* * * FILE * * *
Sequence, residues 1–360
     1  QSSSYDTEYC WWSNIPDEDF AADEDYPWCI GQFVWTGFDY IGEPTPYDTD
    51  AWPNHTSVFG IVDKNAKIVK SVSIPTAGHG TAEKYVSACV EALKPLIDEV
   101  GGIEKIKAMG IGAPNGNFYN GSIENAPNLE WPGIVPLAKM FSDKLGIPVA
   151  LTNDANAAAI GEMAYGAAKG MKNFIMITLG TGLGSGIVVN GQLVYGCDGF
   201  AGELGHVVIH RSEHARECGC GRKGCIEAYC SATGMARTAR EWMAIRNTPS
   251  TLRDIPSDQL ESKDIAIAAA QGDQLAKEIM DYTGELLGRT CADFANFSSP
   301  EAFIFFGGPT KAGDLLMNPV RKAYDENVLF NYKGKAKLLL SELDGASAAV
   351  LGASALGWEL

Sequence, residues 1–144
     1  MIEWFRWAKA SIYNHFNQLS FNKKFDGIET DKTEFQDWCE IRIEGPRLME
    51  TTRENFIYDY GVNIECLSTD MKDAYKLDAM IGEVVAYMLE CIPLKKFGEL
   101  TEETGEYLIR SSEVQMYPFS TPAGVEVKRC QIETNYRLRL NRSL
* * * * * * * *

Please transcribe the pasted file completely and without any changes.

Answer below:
Sequence, residues 1–360
     1  QSSSYDTEYC WWSNIPDEDF AADEDYPWCI GQFVWTGFDY IGEPTPYDTD
    51  AWPNHTSVFG IVDKNAKIVK SVSIPTAGHG TAEKYVSACV EALKPLIDEV
   101  GGIEKIKAMG IGAPNGNFYN GSIENAPNLE WPGIVPLAKM FSDKLGIPVA
   151  LTNDANAAAI GEMAYGAAKG MKNFIMITLG TGLGSGIVVN GQLVYGCDGF
   201  AGELGHVVIH RSEHARECGC GRKGCIEAYC SATGMARTAR EWMAIRNTPS
   251  TLRDIPSDQL ESKDIAIAAA QGDQLAKEIM DYTGELLGRT CADFANFSSP
   301  EAFIFFGGPT KAGDLLMNPV RKAYDENVLF NYKGKAKLLL SELDGASAAV
   351  LGASALGWEL

Sequence, residues 1–144
     1  MIEWFRWAKA SIYNHFNQLS FNKKFDGIET DKTEFQDWCE IRIEGPRLME
    51  TTRENFIYDY GVNIECLSTD MKDAYKLDAM IGEVVAYMLE CIPLKKFGEL
   101  TEETGEYLIR SSEVQMYPFS TPAGVEVKRC QIETNYRLRL NRSL